Switch

Nintendo has recognized the success of many third-party releases on Switch, and in a recent Q&A session of Nintendo’s 2020 Investor’s Briefing, President Furukawa addressed the matter. When asked what kind of impact does Nintendo think that third-party games have made on Nintendo Switch, Furukawa admitted that the company cannot make games for the variety of genres that third-party companies have jumped in to support. He stated that these titles “enriches the Nintendo Switch gaming experience” and Nintendo is “grateful” to have the support. Furukawa also stated that sales of both first and third-party titles on the platform are increasing due to the rise in console sales, and Nintendo wants the Switch “to be a platform on which both can continue to sell well.”

The Nintendo Switch has games—and lots of them. Out of just about every Nintendo system before it, except perhaps the Wii and DS, the Switch has amassed an absolutely massive collection of titles from third-party developers. This is in stark contrast to the dry spells that helped cripple the Wii U, and even other systems like the Gamecube and stinted the growth of the Nintendo 64.

The third-party race

Of course, Nintendo is no stranger to doing business with third-party companies. However, the company’s history with these other studios is a bit rocky, to say the least. Back in the good ol’ days of the 8-bit and 16-bit eras, Nintendo had a massive stronghold on the entire industry. As a result, it sort of set the tone for how business was operated, to the dismay of some studios. The arrival of big contenders in the form of Sony and SEGA finally gave third-parties more liberty, and many took advantage of it.

The arrival of the Nintendo 64 was the first big act of defiance from Nintendo in keeping in step with the rest of the industry, as it opted to continue with cartridge technology in a world of CDs. This caused some games not to be able to fit on the system, thus limiting support. The Gamecube had a similar issue with the use of mini discs rather than DVDs. With the Wii, DS, and subsequently the Wii U and 3DS, Nintendo opted to focus on gameplay experiences rather than graphical prowess. This made some games flat out impossible to make for these systems compared to their respective competitors.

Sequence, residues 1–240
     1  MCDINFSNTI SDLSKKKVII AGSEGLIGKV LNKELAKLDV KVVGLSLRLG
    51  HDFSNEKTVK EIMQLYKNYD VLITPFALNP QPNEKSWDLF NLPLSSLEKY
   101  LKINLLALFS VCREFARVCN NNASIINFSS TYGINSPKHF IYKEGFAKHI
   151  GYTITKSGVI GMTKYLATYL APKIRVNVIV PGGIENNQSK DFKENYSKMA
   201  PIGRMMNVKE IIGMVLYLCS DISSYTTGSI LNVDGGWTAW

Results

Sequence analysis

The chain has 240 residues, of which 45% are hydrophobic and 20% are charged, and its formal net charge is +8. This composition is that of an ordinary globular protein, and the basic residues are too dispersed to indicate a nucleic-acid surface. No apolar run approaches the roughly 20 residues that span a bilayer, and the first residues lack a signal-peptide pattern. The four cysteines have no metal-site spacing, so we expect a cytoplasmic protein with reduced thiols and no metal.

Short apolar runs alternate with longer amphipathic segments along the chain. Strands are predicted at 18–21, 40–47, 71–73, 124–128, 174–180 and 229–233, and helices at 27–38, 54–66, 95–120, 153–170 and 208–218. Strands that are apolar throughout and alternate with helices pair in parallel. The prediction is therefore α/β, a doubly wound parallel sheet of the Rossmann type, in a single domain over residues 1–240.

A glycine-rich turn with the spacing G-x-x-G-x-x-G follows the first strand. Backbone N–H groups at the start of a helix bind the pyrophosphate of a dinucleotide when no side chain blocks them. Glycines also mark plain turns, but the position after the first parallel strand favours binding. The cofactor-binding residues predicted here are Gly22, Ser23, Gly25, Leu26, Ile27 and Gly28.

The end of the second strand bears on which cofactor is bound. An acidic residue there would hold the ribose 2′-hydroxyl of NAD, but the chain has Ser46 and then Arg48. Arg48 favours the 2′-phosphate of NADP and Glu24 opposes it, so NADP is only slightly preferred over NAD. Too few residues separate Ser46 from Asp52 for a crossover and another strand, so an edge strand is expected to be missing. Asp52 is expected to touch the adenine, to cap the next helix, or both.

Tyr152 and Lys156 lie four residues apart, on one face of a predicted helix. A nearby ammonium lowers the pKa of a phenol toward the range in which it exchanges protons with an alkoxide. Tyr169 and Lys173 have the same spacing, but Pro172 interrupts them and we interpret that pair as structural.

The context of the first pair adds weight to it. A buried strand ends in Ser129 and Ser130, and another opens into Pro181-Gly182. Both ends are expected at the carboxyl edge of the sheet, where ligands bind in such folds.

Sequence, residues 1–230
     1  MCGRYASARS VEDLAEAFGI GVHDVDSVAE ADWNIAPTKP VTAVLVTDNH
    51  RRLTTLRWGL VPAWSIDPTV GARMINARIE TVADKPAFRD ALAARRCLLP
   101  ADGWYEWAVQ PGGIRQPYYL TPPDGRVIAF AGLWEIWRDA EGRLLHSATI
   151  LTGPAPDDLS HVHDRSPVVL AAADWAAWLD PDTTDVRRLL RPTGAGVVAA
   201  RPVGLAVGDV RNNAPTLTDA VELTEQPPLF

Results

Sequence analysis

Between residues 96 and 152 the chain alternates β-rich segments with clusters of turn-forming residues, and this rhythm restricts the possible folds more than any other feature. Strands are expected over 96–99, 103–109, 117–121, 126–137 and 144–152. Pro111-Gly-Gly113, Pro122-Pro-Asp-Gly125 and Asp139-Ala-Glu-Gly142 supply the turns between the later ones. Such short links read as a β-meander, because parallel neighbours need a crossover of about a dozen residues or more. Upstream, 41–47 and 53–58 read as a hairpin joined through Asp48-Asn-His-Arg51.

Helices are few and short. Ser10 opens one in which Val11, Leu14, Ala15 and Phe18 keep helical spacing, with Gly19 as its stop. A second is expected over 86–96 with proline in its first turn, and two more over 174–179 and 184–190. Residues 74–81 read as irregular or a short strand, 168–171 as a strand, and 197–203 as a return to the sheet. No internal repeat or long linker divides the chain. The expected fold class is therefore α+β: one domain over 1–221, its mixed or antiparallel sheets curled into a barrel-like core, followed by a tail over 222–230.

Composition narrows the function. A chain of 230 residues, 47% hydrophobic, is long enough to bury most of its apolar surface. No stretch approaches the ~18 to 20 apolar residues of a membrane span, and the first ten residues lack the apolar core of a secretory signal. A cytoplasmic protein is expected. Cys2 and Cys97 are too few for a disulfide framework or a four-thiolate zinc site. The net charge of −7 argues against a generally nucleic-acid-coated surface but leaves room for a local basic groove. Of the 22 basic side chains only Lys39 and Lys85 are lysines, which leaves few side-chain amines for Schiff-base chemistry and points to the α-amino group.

Nintendo Switch vs PlayStation 5 vs Project Scarlett

With the Switch, Nintendo seems to have finally found a solid middle-ground. It’s still managed to stay on its path of innovation by producing the world’s first true hybrid system, while also not skimping out too heavily on power and also having modern development tools. All of this has led to several ports of high-profile games on the Switch. That said, a worrying chunk of these ports do suffer in terms of performance and visuals, but in the hands of the right studios, there have been some home runs. On top of this, Nintendo has made a staggering effort to coerce indie developers into its court over the past few years. This has paid off nicely, as there’s a massive amount of indie games flowing into the Switch’s catalog at any given time.

Future-proof?

The biggest problem for the Switch moving forward is the recent arrival of the PS5 and Xbox Series X|S. With this new generation of hardware, the Switch’s power limitations are more egregious than ever. It’s going to become increasingly harder for the hybrid to keep up with newer titles. That said, developers aren’t likely to ignore the 68+ million install base that the Switch has. If sales keep running, support should remain consistent.

During this same Q&A session, President Furukawa stated that Nintendo expects the Switch to have a longer life cycle than past systems. Support from third-parties and indies will be crucial in helping the Big N achieve that goal.

A.K Rahming
Having been introduced to video games at the age of 3 via a Nintendo 64, A.K has grown up in the culture. A fan of simulators and racers, with a soft spot for Nintendo! But, he has a great respect for the entire video game world and enjoys watching it all expand as a whole.

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